Well, sort-of. Duhigg uses case studies and examples of corporate culture to demonstrate how habits have a cycle. A cycle of cue --> routine --> reward --> [repeat] that is self-reinforcing. A man with post-encephalitic brain damage so severe he has both retrograde and anterograde amnesia retained old habits of eating, taking a walk, and watching television; even though he couldn't create new memories the neuroscientists were able to train him to form new habits. Target uses shopping data to analyze shopping habits and predict which coupons a customer would be likely to use (i.e. if a purchase shows onesies, a stroller, and a maternity top then the shopper is likely a pregnant woman and Target can send coupons for diapers) thereby getting the customer back into the store to buy more product. The new CEO for Alcoa boosted productivity and profits by focusing on a single "keystone" habit - how worker injuries were handled (the cue loop for that one runs worker injury (cue) --> must be reported within 24 hrs (routine) --> get a promotion for using the system correctly (reward)).
Some of the examples don't fit so well. The development and success of Febreeze is posited as the desire to have a clean-smelling house. The chapter on Starbucks's career development programs is interesting but many of the notes say the program has been discontinued making the whole section less useful. At the end of the book Duhigg tries to pull viral networking and the issue of biology vs. free will into the discussion but those last two chapters feel very tacked on.
The money chapters are Chapter 2 (The Craving Brain: How to Form New Habits) and Chapter 3 (The Golden Rule of Habit Change: Why Transformation Occurs) as well as the appendix which offers a readers' guide. These sections go into depth using case-studies of people who have changed their habits. One quite biting her nails. Tony Dungy's training program is reviewed. Brain imaging is discussed (surprise: the neural pathway for the "old" habit never goes away, the new is only overlaid which offers up one explaination why bad habits have tendency to come back). The guide is nice in that it takes the habit loop evidence and lays it out very simply. I haven't yet put it into practice (I have a really bad habit of always eating out and driving to work rather than cooking for myself and taking the bus) but the loop theory is good to keep in mind.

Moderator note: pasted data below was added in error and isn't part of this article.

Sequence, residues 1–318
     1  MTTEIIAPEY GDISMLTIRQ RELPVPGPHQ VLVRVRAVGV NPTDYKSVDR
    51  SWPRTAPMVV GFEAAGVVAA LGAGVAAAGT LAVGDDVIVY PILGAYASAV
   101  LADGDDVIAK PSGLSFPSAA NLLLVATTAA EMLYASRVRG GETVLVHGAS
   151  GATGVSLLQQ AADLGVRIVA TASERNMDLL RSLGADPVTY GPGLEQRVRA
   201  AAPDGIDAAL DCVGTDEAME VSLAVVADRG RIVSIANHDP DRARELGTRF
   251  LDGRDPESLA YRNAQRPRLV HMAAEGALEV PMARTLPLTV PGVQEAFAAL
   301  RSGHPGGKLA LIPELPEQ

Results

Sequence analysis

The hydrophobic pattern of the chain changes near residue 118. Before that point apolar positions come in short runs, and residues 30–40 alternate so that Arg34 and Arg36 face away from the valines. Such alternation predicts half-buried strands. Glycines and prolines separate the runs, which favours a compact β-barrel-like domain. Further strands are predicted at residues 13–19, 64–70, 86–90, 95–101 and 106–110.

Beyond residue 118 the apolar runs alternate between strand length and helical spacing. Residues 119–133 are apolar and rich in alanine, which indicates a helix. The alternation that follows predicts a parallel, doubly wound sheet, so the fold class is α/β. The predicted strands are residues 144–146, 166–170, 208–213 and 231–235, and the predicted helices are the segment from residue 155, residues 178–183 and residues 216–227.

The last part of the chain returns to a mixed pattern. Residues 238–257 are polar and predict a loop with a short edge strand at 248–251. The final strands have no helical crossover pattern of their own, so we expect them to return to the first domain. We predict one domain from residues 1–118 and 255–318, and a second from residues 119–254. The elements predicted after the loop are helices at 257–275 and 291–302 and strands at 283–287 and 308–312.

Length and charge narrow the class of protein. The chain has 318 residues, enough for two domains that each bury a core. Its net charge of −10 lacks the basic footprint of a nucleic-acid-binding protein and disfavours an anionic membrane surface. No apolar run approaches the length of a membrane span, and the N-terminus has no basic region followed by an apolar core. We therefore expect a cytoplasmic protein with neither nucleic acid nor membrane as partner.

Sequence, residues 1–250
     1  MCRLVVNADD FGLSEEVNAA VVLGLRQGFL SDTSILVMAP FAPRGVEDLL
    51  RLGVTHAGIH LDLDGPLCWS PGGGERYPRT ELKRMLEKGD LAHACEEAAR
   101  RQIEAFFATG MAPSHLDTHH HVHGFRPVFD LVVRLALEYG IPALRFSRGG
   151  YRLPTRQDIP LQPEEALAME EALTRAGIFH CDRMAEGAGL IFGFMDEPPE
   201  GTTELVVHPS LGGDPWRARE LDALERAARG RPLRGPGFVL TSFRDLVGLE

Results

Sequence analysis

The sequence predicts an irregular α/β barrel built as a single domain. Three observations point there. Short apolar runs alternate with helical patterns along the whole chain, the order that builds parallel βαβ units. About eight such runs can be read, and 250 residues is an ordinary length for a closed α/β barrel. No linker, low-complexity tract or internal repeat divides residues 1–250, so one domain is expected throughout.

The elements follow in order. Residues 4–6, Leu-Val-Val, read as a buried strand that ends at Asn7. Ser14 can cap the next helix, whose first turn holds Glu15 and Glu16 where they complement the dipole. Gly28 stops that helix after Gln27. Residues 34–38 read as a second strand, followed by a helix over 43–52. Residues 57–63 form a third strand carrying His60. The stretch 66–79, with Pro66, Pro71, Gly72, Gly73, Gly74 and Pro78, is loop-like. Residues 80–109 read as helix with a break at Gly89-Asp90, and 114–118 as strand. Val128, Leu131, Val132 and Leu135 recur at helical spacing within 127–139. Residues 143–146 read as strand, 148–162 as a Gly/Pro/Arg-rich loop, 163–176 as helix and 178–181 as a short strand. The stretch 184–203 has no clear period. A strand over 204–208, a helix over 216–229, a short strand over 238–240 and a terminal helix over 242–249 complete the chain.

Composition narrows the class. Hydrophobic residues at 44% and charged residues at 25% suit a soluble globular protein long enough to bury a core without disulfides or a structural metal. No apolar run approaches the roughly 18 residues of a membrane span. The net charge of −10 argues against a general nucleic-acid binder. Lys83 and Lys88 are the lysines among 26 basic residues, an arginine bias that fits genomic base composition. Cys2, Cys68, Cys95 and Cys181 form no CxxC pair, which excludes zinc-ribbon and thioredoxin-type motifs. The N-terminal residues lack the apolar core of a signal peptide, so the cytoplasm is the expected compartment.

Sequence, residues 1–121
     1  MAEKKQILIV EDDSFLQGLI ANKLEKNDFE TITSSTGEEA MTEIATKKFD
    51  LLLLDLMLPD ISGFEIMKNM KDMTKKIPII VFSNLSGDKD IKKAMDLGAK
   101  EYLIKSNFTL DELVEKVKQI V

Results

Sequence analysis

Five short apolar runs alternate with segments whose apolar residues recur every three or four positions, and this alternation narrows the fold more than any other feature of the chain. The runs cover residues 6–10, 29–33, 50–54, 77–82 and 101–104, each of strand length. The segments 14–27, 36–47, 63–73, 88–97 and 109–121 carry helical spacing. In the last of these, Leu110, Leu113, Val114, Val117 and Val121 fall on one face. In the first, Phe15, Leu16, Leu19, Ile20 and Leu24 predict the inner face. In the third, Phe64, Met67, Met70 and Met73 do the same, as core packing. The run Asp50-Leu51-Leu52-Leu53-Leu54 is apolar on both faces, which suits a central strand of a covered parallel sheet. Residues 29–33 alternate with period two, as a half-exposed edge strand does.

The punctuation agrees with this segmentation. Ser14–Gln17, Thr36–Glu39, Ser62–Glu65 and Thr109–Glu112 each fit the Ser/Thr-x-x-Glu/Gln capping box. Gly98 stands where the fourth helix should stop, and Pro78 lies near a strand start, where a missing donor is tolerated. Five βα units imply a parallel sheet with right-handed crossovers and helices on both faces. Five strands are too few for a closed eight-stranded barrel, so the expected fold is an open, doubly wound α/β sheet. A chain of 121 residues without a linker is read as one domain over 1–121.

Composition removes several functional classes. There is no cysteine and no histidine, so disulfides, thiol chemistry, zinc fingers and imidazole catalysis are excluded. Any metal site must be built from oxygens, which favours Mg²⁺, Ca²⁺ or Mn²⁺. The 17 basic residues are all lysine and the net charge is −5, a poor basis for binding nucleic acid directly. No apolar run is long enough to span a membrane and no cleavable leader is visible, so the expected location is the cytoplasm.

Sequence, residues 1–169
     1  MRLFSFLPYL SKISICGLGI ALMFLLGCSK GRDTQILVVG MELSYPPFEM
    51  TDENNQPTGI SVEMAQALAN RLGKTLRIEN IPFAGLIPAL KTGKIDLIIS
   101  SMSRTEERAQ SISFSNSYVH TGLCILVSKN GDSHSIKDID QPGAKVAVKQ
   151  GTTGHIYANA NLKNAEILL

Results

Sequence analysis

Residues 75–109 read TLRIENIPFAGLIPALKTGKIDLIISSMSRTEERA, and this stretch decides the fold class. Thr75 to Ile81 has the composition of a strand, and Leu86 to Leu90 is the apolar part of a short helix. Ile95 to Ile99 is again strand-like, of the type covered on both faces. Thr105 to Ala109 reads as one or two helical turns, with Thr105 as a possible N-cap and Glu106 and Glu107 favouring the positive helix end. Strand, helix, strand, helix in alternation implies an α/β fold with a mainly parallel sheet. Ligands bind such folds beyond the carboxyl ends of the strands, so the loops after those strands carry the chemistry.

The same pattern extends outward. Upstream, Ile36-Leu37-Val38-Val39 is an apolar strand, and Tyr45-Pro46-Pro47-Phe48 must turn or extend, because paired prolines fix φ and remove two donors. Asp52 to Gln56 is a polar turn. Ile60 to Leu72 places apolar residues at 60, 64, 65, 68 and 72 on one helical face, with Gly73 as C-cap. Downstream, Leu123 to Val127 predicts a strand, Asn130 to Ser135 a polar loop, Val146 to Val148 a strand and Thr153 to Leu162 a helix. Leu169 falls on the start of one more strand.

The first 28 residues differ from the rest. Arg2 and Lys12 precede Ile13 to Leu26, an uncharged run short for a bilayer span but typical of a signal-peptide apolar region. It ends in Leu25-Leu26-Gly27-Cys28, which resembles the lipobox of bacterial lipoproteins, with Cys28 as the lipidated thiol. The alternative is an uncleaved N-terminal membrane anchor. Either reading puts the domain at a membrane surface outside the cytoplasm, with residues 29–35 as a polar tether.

Of course, while I was reading The Power of Habit I was thinking about how to apply the habit loop to handwashing at work (even tweeted Eli about it). For those of us in healthcare epidemiology, we sigh and grumble everytime we see the perennially abysmal hand-hygiene compliance numbers. A lot of money is being thrown at the issue to study everything from high-tech sensor motes, immediate electronic feedback, and research assistants to watch HCWs wash their hands, to pizza parties, new antimicrobial handrubs, and focus groups. The methods don't seem to stick, though.
In my own personal experience, it seems to come down to habit (if a physician or nurse claims poor education they ought to leave the profession). And HCWs are experts at the habit of excuses for why they don't need to wash their hands. I have stood and played the "what-if" game with nurses and doctors:
- What if I only have to silence an alarm? (the alarm is in the patient's environment, use the handrub on the way in)
- What if I have a cup of ice for the patient? (Since it's unlikely that you'll only put the cup down and leave, hit the handrub bottle on the way in and rub it in once you've put the cup down)
- What if I have to step out and grab some meds? (You'll be touching the cart/PYXIS/patient)
- But I used the pumper bottle thirty seconds ago, why do I have to use it again on the way into see a patient? (And you've touched the computer keyboard and the counter since then)
- What if, what if, what if....